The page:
Dog's Dinner

"You're not loved because you're lovable, you're lovable 'cause you're loved."

Sunday, January 09, 2005

Panic on the Streets of Warsaw

CATS is coming to Warsaw. Actually it turns out that it came there already last January, but it's coming again, and that's cause for panic. Of course Phantom, the movie of the musical of the movie of the play of the book, is coming soon as well, good cause for panic on the streets of Lublin, Chyzne, and Gdynia...

I'm reminded of two things. One was part of a long (in fact endless), tiresome, yet complex jeremiad by an eccentric and cantankerous megalomaniac and hypochondriac Russian aunt-in-law of mine (she teaches English in Moscow) when I was married, about the (in some ways undeniable) awfulness of life in post-Communist Russia. On the occasion I have in mind, in the midst of slagging film acting in general and Marlene Dietrich in particular while eating grapes in the kitchen of her dacha in August 2001, she threw in the observation that "in Soviet times they didn't let us watch many Western films, but as a result what we got to see was creme de la creme, Orson Welles and Fellini..." so as a result the cognoscenti didn't need to sort through all the dross, dreck and shlock that came out of Hollywood and the West. As someone who has spent at least nine hundred hours of my thirty-one years rummaging through crap books, films, and records to find the gems, first in thrift shops and then eventually in my own apartment, I suppose I can sympathize. But at the time I was too annoyed with the dismissal of Dietrich, a wonderful performer who, along with Michel Piccoli, Gerard Depardieu, Wilfrid Sheed, and Alberto Moravia, shares my birthday, to pay much attention to other parts of the lecture. In retrospect I can entertain the prospect of there having been something to that bit about creme de la creme, even for a devotee of B-movies like myself. Like most of her table talk it was of course 1) a careless oversimplification and 2) an affirmation of the Grand Inquisitor principle that people (even intelligenty like herself) need someone to sort out their salvation (if only culturally; she was and presumably is a rabid atheist) for them. (As the continuing popularity of Putin shows, the principle dies hard in Russia, indeed, may never die.) But the deluge of dreck is quite something.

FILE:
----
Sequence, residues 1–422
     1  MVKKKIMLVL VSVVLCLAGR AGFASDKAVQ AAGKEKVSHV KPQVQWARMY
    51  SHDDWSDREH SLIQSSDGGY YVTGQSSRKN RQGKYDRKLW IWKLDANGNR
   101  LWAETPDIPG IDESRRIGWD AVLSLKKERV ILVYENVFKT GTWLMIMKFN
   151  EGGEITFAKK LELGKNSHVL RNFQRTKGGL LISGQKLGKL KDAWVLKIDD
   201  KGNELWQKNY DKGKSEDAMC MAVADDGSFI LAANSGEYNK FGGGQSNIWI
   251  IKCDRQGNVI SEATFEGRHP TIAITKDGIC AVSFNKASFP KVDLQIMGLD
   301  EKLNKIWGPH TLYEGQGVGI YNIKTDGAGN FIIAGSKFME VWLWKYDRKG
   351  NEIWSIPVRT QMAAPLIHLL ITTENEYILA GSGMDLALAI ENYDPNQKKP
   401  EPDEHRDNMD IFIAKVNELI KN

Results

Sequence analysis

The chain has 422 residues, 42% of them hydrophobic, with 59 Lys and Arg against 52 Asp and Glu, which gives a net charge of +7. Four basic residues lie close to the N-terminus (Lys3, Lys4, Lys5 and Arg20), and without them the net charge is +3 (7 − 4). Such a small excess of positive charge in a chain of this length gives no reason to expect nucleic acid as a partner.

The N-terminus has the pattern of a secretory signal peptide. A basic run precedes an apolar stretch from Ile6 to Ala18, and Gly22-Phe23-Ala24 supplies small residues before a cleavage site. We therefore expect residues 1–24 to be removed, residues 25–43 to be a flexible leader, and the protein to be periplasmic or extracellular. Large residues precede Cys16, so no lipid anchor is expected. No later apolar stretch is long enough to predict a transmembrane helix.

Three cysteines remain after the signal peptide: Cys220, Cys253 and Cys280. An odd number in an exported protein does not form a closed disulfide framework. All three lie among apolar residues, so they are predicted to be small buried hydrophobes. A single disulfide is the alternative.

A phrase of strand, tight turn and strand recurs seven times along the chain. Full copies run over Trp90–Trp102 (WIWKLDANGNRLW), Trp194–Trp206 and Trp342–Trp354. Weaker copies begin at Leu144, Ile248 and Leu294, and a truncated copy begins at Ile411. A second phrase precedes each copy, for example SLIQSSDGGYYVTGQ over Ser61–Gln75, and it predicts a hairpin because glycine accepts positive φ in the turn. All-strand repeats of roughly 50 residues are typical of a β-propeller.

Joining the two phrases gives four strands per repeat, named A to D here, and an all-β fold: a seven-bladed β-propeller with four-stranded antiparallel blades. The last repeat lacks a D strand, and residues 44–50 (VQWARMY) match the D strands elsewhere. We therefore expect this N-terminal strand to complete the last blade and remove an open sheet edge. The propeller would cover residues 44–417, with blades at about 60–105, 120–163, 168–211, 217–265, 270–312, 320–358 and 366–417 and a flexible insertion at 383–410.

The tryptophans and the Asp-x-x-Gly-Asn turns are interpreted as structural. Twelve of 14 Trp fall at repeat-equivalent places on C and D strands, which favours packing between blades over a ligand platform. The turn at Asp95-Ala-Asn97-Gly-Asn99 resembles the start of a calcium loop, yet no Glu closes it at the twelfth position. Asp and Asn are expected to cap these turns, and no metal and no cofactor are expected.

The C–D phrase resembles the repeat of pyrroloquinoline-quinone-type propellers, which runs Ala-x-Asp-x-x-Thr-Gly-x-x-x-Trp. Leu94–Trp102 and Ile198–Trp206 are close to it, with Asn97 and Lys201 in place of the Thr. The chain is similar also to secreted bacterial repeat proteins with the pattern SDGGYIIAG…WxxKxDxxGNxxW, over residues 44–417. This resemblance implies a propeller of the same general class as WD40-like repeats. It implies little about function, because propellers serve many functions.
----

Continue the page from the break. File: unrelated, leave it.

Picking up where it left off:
The other thing I'm reminded of is a conversation with someone in studio art class in tenth grade. We always listened to music while making art and that day it happened to be Phantom. I was in the midst of the first of several phases of Oscar Wilde worship and muttered something about how Lloyd Webber was "vulgar... he's a craftsman, not an artist." The artists gathered round me, including my friend Deep, Marcus Miller, a senior who had been one of the mechanicals with me in Midsumer Night's Dream, and our instructor, the wonderful Percy Martin, were none of them particularly impressed with my withering disdain for craft. It was Marcus who wisely reposted, "This is better than being an artist. With an artist you don't have the drum machine!" to the delight and acclaim of all.

1 Comments:

At 3:01 PM, Blogger jimeye said...

The artist and the artisan. Ever read Narcissus and Goldmund?

 

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